Google Books has been in the news a lot lately, and that inevitably prompts me to thinking about one of the main things people love and/or hate about Google: The centralization or unification of, more or less, everything. Communication, research, education, work, home, personal management, etc. It is not my place nor my interest to argue the relative beneficence or malevolence of Google. There are plenty of voices doing that, and plenty of people trying to work within or outside the system to help keep it honest. What my mind always comes back to in relation to this topic is the issue of centralization within the practice of archiving and preservation.
The advent and increase of computing tools in libraries and archives has held great promise for significantly increasing capabilities for the storage, discovery, and access of assets, whether they be digitized or not. Those of us that remember performing research projects before the widespread availability of online databases — or even before the subscriptions and portals for them became more streamlined — can attest to the partial fulfillment of this promise. There have of course been many other pushes throughout history to create a centralized repository of information or knowledge well before the digital age. The Oxford English Dictionary, the encyclopedic list of encyclopedias, national libraries, etc. We could be high-minded and discuss the human urge to organize and contain in order to deal with the uncertainties, the multiplicities, the messiness of existence. Or we could discuss it more in terms of efficiency — sure the chase of research is fun, but it can be a luxury to have the time to search so many sources and limits advancements to do work that has already been done before.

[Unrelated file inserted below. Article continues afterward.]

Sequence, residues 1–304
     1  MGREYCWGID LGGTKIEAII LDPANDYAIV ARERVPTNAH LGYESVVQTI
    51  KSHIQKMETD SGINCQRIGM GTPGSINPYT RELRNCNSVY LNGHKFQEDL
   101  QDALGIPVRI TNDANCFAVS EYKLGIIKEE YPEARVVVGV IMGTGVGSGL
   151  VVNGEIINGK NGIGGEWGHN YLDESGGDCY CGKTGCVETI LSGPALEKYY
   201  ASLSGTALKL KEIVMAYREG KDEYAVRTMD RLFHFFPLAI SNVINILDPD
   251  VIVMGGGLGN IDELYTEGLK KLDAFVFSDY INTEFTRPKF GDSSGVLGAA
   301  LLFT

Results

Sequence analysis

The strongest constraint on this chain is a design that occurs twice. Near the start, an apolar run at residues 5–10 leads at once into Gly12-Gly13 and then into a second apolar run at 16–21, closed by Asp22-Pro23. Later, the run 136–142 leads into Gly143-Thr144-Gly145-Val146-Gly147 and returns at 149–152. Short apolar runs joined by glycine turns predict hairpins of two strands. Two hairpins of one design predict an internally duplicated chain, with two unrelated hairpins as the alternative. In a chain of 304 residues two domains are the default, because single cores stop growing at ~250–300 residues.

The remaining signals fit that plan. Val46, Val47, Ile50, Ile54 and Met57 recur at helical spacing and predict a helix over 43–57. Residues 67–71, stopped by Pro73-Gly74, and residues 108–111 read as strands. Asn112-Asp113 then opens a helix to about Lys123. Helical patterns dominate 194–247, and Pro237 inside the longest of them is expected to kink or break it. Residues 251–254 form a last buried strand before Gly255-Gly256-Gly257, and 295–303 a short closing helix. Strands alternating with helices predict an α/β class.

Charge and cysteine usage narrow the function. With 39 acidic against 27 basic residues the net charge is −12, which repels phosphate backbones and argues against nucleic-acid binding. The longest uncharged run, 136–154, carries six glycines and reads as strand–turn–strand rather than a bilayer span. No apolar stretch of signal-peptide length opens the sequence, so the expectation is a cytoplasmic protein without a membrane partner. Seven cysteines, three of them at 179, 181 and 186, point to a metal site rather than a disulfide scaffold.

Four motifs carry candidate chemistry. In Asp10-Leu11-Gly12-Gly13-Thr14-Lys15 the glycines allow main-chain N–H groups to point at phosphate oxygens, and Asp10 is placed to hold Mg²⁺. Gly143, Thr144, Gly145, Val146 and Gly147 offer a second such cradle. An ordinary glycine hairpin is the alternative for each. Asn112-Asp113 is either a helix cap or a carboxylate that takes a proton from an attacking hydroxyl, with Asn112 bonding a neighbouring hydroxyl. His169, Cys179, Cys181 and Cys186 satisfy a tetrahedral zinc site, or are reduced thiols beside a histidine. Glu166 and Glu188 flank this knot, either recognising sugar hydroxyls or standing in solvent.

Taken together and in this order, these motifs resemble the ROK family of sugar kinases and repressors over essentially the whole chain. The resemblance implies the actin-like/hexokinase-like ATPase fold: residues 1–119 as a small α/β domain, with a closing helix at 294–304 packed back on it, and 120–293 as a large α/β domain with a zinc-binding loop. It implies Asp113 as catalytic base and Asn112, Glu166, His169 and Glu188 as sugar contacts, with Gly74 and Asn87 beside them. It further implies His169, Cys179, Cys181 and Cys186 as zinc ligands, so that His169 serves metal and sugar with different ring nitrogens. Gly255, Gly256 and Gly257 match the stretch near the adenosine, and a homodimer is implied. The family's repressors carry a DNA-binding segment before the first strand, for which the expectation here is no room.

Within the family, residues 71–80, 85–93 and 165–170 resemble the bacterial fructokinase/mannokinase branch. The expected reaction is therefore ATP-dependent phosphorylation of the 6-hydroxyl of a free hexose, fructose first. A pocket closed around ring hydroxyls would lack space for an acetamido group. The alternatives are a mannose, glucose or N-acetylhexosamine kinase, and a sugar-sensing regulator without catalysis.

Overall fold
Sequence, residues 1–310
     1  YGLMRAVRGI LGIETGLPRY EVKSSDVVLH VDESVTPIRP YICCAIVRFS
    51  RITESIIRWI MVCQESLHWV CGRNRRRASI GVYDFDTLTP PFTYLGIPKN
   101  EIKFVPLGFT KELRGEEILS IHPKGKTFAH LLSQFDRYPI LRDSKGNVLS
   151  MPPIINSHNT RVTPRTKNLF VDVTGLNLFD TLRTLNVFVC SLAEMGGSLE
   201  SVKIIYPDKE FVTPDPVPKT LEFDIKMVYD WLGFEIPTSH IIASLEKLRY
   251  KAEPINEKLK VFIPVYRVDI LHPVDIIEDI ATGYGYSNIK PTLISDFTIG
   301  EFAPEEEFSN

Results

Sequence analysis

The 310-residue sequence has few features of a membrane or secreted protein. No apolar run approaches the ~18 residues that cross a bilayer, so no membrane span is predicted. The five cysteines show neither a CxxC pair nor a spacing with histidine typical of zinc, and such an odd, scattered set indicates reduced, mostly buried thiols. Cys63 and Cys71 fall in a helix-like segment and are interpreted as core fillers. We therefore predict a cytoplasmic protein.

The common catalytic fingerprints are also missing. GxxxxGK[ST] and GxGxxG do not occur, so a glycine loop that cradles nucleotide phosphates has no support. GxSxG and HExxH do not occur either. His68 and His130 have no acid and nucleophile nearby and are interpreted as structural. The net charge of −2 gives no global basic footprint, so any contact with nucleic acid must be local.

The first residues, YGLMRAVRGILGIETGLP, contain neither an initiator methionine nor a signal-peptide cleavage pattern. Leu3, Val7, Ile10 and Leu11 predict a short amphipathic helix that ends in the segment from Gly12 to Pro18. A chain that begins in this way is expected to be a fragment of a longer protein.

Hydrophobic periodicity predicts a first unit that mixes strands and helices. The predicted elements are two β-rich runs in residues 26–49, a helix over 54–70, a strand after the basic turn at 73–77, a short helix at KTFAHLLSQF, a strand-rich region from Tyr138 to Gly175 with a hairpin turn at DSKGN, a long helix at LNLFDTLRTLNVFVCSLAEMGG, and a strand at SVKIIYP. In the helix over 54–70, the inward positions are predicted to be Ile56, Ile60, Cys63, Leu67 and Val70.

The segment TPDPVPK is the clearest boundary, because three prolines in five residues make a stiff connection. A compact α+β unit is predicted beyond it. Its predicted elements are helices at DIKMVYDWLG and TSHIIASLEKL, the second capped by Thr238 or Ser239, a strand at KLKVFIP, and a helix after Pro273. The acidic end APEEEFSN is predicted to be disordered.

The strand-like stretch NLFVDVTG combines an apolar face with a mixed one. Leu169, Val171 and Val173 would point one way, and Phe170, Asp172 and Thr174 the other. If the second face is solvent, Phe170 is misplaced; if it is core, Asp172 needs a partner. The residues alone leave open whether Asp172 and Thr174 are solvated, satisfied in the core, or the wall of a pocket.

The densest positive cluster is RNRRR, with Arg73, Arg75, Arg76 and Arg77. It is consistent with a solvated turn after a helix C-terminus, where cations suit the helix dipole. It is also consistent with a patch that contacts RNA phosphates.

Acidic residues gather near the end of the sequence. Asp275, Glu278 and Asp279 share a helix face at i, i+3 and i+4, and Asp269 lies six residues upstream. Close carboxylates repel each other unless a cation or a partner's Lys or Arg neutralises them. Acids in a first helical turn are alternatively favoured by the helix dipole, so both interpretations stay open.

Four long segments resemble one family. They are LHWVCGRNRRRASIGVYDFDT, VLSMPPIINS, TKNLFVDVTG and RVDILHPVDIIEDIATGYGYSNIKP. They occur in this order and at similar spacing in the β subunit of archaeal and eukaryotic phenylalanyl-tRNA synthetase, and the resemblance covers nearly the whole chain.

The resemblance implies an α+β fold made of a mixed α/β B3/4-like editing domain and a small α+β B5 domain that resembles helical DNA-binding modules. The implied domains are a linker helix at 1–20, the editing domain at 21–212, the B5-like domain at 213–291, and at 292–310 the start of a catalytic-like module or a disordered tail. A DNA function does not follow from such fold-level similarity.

What we can say is that, though the universe tends towards decay, the human mind tends to turn away from it and back towards unity. However, we are a frustrating bunch and more often than not turn heel in the face of unity as well. I say this because, in spite of the beautiful dream of a union catalog, and despite the many well-intended and well-organized attempts over the years to create some sort of union catalog, the actualization of the dream and implementation of the various attempts have been a mixed-bag of results. At some point, the plan seems to lose steam or support or gets superseded by something else. Might this be a problem with the specific project, or might this be an inherent result of any such attempt?
Over the next few posts on this topic I will be looking at the issue of union catalogs in relation to media archives: What are some of the difficulties involved in establishing one? What other union catalogs have succeeded and what has contributed to their success? Is this an attainable idea or even a good one? And what kinds of solutions exist that archives can apply for internal use at the least, or for positioning themselves for the future? We may or may not gain a clue as to how to design and implement the ultimate union catalog, but we will definitely gain a better understanding of the process and how planning and execution relate to any project within the archive, whether large scale or not.